The Middle East is a desert



Abello, Oscar

Across America’s heartland in 2006, there were an estimated 78 million acres of planted corn, and on average, each acre lost 4,000 gallons of water per day until it was harvested. Despite ethanol, tortillas and high fructose corn syrup, a majority of that corn still goes to feed the world’s largest consumer of corn: cows. Each of America’s 99.5 million head of cattle consumes about 100 pounds of feed per day and drinks 30 gallons of water. Ultimately, according to the International Bottled Water Association, 1,303 gallons of water will be used up to bring you just one juicy quarter-pound hamburger.

That’s just one example of the hidden water usage that goes into a typical American life, which on average accounts for 2,000 gallons of water usage per day.

Considering the massive amount of water that goes into supporting the average life in America, it might be easier to explain why it is hard to understand the life and people of places where lack of water is a way of life, such as the Middle East. It’s mostly a desert, after all, but it seems as if policymakers prefer to ignore that fact.

The Middle East is home to 5 percent of the world’s population but has less than 1 percent of the world’s freshwater resources with an estimated 45 million people without access to clean drinking water, according to the World Bank. The region also boasts some of the world’s fastest population growth rates, meaning access is likely to become more restricted unless drastic action is taken.

With water in such short supply, it should be easy to understand why the region is plagued with political tension. Water is something every human being absolutely needs, so it is something worth much more to fight for than say oil. Unfortunately, we like to be distracted by oil or ideology as justification for war.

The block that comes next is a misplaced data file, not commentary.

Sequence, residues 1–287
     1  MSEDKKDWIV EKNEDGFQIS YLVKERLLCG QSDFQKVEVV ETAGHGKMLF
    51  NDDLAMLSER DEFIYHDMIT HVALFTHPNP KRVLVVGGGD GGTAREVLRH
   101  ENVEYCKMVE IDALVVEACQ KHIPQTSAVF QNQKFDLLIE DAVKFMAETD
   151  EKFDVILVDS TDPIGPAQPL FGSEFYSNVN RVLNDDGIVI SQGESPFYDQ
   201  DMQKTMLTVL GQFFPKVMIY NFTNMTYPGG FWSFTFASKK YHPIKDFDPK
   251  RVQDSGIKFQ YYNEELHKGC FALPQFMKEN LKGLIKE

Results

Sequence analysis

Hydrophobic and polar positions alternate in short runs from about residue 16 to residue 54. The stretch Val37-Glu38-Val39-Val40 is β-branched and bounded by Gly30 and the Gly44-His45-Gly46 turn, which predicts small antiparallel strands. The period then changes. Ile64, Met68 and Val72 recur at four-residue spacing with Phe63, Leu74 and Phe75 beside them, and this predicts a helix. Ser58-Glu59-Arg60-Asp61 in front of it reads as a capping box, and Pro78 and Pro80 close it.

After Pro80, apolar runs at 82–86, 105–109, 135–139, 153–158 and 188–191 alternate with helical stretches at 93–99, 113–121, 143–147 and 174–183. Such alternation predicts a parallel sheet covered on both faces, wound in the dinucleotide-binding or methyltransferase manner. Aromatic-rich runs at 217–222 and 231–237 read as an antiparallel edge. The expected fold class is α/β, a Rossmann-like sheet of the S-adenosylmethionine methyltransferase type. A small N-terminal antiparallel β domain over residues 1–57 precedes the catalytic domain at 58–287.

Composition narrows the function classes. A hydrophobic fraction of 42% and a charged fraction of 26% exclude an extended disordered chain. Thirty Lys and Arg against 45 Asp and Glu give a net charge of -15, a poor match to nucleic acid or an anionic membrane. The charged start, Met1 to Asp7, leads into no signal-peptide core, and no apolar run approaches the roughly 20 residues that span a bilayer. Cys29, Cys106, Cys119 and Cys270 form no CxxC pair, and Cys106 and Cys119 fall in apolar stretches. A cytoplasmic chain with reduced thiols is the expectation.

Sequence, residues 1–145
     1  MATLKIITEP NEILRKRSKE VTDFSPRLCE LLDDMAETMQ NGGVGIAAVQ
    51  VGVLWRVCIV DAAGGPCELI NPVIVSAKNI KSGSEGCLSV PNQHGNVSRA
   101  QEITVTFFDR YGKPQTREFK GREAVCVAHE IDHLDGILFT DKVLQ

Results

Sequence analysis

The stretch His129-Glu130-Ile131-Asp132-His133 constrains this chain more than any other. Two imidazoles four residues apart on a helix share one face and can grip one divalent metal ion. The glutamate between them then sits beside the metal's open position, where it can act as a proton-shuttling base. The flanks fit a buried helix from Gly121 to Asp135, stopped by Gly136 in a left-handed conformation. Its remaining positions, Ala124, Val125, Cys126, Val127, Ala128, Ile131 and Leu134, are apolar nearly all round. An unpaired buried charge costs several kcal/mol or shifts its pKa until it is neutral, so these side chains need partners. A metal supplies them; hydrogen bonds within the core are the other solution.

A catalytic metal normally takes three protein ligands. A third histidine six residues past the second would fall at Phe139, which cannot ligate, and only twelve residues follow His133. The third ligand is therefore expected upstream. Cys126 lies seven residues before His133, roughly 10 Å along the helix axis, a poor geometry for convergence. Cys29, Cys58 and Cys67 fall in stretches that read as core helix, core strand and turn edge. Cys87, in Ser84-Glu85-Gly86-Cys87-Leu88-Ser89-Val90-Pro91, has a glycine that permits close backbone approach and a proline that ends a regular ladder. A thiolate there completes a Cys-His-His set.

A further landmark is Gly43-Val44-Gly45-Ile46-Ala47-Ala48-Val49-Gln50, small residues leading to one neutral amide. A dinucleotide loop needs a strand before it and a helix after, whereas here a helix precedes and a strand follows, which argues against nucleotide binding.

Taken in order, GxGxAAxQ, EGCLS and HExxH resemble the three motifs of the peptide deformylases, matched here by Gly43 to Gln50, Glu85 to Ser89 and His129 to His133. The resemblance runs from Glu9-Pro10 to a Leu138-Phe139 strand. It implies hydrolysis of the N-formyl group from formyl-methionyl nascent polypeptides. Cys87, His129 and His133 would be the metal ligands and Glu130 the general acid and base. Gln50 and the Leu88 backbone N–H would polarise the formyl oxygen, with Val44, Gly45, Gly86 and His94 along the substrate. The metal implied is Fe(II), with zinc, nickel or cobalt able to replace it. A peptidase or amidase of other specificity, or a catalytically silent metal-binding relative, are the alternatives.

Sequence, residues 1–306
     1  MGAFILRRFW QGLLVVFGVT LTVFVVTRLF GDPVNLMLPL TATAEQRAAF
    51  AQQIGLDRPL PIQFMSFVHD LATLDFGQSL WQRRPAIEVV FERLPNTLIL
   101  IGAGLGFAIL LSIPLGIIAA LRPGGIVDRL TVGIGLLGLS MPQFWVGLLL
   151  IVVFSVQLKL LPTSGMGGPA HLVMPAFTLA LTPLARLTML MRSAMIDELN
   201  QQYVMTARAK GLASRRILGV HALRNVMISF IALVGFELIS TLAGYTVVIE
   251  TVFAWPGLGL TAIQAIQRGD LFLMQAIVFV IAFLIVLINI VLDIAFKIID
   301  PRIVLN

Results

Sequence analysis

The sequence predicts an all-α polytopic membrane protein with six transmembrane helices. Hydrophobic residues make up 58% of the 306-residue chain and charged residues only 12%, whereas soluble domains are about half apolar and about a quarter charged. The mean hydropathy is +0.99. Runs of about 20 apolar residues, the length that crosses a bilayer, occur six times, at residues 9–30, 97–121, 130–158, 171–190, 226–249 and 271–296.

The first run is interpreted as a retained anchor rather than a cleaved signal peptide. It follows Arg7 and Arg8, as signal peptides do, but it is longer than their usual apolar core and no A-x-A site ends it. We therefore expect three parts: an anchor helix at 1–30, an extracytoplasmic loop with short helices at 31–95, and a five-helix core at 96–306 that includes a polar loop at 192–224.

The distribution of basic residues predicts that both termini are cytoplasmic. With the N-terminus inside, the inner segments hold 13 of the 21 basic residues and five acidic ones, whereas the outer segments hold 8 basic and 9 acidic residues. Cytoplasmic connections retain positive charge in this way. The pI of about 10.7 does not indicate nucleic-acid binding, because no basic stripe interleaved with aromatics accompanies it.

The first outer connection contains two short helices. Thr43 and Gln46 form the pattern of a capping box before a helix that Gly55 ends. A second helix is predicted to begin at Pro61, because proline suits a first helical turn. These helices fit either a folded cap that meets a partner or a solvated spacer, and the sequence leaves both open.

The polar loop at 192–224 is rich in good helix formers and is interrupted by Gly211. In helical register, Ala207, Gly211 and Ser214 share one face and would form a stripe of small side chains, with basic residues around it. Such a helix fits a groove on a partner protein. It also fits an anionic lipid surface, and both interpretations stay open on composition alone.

We forget that when Israel seized the Golan Heights from Syria in the 1967 Six Day War, it had started as a battle over precious regional water access. When Egypt and Israel signed a peace treaty in 1979, Egypt’s President Anwar Sadat pledged that Egypt would never go to war again, except for protection of its water resources.

Wars for religion or for oil tend to bring more headlines and more attention from factions outside the Middle East, but make no mistake – water rights are at the top of the priority list for leaders and politicians in the region.

Water scarcity was a pending crisis in Iraq before the U.S.-led invasion in 2003. Nearly all of Iraq’s water comes from the Tigris and Euphrates Rivers, but it must be shared with Syria and Turkey, which are upstream from Iraq. Once the water gets to Iraq, many are prevented from getting the water they need because of the poor infrastructure – a legacy of repressive regimes and unintended consequences from international sanctions. Today, the situation has hardly changed.

In Baghdad, many residents are forced to illegally draw water from pressure-less taps using pumps powered by private electric generators. For the same reson – a fuel shortage – the city and the private generators are having trouble keeping the water coming. Living in desert or near-desert conditions, fortunate residents can bathe every two or three days, and often the water is boiled and re-used.

In another cruel entanglement of water access, a common rule of thumb in the oil industry is that it takes one barrel of water to extract one barrel of oil.

Political leaders must balance increasing demand for water from the oil industry against the growing needs of a thirsty population – and it’s a balancing act that must be coordinated with the continued foreign military presence in the region, which must dedicate resources toward hunting down insurgents and rebuilding Iraq’s infrastructure. Perhaps by focusing more on the latter, the former might be parched for recruits.